With few local employment opportunities, outside of the apple orchards that surround the town, Fneideq is known in the area as a recruiting ground for the Lebanese army. In 2014, a Lebanese army soldier from Fneideq was captured and beheaded by the Islamic State while fighting on Lebanon’s eastern border.

But the town is also a recruiting ground for militant groups in Syria. In 2015, the son of Fneideq’s then-mayor died fighting alongside the Islamic State in Iraq. His father told reporters on national television, “I take pride in the martyrdom of my son.”

Salah Eddine said he believes programs such as the park and the youth classes his organization runs can help dissuade young people from joining extremist groups.

But Liat Shetret, a senior adviser with the Global Center on Cooperative Security, said that while infrastructure projects like the park can help bring communities together, they don’t necessarily help counter extremism.

“I predominantly see it as a political opener and a trust-building mechanism, because that same playground could just as easily be used for recruitment purposes,” she said.

Still, Shetret said there has been a growing consensus among policymakers in recent years that “economic development and security go hand in hand.”

That consensus may be on shaky ground under the Trump administration.

President Trump questioned the value of foreign aid while on the campaign trail, and the White House last week proposed deep cuts in the State Department budget to help pay for increases in military spending. The president did not specify which foreign aid programs would be on the chopping block.

Trump’s new head of the Office of Management and Budget, Mick Mulvaney, said Saturday on Fox News that the administration planned “fairly dramatic reductions” in foreign aid, but did not specify which programs would be cut.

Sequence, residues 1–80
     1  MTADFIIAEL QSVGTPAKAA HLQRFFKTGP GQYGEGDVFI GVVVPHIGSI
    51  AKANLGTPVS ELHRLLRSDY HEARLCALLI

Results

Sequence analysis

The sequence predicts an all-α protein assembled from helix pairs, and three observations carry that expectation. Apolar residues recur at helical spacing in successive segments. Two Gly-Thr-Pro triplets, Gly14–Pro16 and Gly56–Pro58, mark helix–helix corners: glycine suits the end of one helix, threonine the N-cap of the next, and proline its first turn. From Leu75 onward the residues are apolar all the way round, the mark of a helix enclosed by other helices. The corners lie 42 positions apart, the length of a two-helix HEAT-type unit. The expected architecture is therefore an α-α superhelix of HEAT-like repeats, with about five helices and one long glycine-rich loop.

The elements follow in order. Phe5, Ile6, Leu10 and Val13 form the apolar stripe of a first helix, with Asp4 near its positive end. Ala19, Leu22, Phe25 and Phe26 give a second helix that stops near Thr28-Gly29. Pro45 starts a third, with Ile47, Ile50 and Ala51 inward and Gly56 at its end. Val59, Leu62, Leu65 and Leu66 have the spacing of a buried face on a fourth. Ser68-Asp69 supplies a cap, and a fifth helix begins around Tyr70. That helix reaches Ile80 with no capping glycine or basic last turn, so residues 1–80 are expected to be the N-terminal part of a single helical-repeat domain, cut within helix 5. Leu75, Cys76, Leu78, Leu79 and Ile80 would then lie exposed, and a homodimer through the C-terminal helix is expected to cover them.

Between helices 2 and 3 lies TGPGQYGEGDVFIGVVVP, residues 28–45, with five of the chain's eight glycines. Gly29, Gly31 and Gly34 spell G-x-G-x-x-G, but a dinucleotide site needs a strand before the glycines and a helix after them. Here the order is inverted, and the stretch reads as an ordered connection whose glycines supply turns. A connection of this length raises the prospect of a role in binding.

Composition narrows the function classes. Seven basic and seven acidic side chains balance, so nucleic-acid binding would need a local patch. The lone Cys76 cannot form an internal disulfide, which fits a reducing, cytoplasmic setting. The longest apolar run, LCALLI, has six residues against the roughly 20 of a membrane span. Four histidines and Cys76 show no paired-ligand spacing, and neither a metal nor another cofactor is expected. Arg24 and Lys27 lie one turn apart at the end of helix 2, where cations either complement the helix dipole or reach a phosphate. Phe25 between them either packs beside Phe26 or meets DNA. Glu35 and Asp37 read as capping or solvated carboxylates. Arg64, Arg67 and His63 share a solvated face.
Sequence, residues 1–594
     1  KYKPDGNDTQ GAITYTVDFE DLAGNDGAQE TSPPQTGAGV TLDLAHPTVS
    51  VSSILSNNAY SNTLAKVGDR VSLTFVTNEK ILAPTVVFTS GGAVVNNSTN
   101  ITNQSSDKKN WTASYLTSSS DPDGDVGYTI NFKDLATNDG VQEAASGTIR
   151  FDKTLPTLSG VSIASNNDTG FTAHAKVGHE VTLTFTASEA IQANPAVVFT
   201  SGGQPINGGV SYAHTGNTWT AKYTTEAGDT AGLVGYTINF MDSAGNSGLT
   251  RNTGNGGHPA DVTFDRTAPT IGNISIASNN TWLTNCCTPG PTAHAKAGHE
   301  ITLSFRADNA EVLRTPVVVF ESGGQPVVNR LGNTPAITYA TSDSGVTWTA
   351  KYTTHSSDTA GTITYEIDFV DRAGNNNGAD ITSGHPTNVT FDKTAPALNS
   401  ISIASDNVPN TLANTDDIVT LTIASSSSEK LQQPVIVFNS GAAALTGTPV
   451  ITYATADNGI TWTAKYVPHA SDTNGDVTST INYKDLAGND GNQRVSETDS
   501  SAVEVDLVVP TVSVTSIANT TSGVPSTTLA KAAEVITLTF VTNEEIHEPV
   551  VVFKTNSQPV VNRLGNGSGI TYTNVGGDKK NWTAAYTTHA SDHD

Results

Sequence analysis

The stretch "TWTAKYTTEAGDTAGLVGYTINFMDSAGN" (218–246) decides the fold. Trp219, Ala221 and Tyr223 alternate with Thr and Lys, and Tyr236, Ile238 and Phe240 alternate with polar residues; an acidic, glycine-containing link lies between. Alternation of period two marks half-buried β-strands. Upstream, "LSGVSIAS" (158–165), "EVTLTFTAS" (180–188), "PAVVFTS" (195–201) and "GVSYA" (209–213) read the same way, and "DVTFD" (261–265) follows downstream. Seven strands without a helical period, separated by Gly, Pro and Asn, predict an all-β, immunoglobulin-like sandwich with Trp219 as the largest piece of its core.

The proposed cuts drew immediate criticism from congressional Republicans as well as Democrats.

Since Trump took office, his administration has also reportedly discussed restructuring the “countering violent extremism” program and renaming it something like “countering Islamic extremism.”

The White House would not comment on the record to The Times about the potential name change and future funding of development programs aimed at countering violent extremism.

James Carafano, an analyst on security and foreign policy with the conservative Heritage Foundation who served on Trump’s transition team, said he does not know the administration’s plans for programs to counter extremism abroad. But he expressed skepticism about them.

“I have issues with the efficacy of a lot of these programs, whether they’re actually producing results that are measurable, and with the scale,” he said. “I personally would be OK with cutting a lot of them.”

State Department spokeswoman Rhonda Shore, asked about the future funding and direction of the countering violent extremism programs, said only that the budget for this year “has not yet been determined, so any comment about it would be premature.”

Sewell is a special correspondent.